In 1964, Shack joined the New York Rangers, for whom he played two seasons before finishing his NHL career with the Chicago Black Hawks in 1966-67. After retiring from playing, he became an assistant coach for the Blackhawks and later served as a scout for the Vancouver Canucks. Shack died in Toronto on July 25, 2020, at the age of 83.
He spent one season with the Rangers before moving on to the Pittsburgh Penguins (1971–72) and, subsequently, the Buffalo Sabres (1972–74). During that time, he scored 40 goals and added 60 assists for 100 points in only 102 games.
After leaving the Sabres, Horton joined the Vancouver Canucks for the 1974-75 season. He played three seasons with the Canucks before finishing his career with two more campaigns in Montreal. The Canadiens released him during the 1977-78 season. Overall, Horton played 10 seasons in the NHL, scoring 160 goals and adding 210 assists for 370 points.
Horton was born on January 4th, 1945 in Toronto, Ontario. He was drafted by the New York Rangers in the first round of the 1968 NHL Amateur Draft. That same year, the Rangers traded his draft pick to the Pittsburgh Penguins for Jim Roberts. Roberts went on to play 617 games in a Ranger jersey.
Horton himself only managed to play 102 games over four seasons with the Rangers, but he still managed to score 40 goals and add 60 assists for 100 points. In 1972, the Penguins picked him up after one season with the Rangers, and they were very happy with what they saw from Horton.
He also had stints with the Toronto Maple Leafs, Pittsburgh Penguins, Washington Capitals, and Buffalo Sabres. Gardner was a talented scorer and an effective presence in front of the net. He twice led the American Hockey League in scoring (1985 and 1986). Although he was a popular player, his inferior skating abilities derailed a potential career. After retiring as a player, he became an assistant coach with the Sabres.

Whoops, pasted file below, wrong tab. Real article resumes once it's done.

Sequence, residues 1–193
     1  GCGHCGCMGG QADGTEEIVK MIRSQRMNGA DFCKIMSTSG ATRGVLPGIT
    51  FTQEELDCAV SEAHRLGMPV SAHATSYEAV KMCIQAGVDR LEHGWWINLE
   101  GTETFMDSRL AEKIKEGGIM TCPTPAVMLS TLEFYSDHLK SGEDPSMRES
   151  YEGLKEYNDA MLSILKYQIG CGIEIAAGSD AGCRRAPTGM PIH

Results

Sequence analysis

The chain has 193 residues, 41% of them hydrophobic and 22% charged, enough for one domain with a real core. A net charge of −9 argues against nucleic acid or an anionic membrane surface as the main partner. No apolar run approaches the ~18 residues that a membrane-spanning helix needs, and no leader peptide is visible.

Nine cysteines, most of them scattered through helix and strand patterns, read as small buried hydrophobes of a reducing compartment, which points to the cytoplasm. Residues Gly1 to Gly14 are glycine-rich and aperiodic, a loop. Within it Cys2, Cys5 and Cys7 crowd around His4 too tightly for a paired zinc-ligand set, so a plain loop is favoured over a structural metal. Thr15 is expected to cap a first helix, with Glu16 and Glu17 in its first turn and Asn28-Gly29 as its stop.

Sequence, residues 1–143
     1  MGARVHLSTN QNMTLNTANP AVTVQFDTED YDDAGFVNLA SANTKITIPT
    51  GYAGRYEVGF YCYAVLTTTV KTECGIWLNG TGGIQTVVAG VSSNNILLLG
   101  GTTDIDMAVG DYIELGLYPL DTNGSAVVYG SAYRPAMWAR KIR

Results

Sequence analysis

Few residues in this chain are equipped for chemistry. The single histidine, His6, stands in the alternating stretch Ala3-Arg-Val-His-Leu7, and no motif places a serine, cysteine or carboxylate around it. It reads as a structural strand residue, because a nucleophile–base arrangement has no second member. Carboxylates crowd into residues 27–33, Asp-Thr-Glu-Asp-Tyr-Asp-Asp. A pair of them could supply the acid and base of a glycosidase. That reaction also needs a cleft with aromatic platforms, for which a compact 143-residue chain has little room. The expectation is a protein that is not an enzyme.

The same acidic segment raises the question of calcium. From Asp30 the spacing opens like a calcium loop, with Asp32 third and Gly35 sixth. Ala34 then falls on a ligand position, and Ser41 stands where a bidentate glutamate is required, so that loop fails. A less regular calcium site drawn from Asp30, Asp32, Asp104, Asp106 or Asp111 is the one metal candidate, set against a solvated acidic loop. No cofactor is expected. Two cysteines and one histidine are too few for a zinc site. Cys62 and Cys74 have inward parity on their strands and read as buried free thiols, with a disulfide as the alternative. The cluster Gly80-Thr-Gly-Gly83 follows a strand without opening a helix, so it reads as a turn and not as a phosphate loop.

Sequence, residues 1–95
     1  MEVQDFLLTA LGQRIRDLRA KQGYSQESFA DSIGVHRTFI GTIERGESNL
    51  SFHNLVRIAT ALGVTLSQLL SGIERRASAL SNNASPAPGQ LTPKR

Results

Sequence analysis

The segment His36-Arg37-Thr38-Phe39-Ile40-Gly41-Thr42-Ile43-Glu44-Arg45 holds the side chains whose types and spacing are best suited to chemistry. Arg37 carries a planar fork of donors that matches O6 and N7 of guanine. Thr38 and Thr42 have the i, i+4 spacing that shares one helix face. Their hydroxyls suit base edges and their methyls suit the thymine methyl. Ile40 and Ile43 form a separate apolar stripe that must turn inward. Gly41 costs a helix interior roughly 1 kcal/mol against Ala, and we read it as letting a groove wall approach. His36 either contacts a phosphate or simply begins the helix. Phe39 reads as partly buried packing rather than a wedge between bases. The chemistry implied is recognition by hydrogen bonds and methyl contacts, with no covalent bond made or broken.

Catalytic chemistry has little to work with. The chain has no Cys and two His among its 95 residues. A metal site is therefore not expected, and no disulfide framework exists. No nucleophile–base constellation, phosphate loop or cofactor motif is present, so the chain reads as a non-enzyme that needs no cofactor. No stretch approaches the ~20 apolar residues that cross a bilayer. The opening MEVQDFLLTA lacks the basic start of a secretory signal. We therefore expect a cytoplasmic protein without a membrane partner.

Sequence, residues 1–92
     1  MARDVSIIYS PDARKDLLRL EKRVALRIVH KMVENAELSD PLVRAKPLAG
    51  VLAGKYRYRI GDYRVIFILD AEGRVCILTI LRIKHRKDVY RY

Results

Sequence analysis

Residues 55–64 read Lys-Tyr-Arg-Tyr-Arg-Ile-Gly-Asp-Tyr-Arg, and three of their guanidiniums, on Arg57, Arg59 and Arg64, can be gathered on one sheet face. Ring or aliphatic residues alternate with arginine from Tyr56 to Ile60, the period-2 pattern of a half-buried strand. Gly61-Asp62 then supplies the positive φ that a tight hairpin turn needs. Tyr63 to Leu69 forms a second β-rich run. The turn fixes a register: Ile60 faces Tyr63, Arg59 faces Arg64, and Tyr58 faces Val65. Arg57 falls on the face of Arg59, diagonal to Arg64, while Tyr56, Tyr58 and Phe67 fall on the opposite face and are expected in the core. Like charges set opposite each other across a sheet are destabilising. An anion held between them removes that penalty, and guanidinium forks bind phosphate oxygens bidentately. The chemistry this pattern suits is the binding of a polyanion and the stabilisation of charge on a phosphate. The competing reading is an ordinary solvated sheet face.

Gardner made his debut with the New York Rangers on October 4, 1979. In his first season with the team, he played in all 82 games and notched 14 goals and 22 assists for 36 points. He ranked second on the club with a +20 rating. The following year, Gardner improved upon those numbers by playing in every game and notching 31 goals and 32 assists for 63 points. He finished second in voting for the Calder Memorial Trophy, which goes to the league's best rookie.
After another strong campaign in 1981-82, in which he scored 39 goals and added 61 assists for 100 points, Gardner was awarded the Lady Byng Memorial Trophy. This annual award is given to the player who exhibits the most skill while exhibiting good sportsmanship and gentlemanly conduct toward his opponent and the officials.
Besides being famous for his scoring touch, Gardner was also known for his aggressive style of play. He was frequently involved in fights and often needed assistance to be taken off the ice. As a result, he suffered several injuries that prevented him from continuing his career.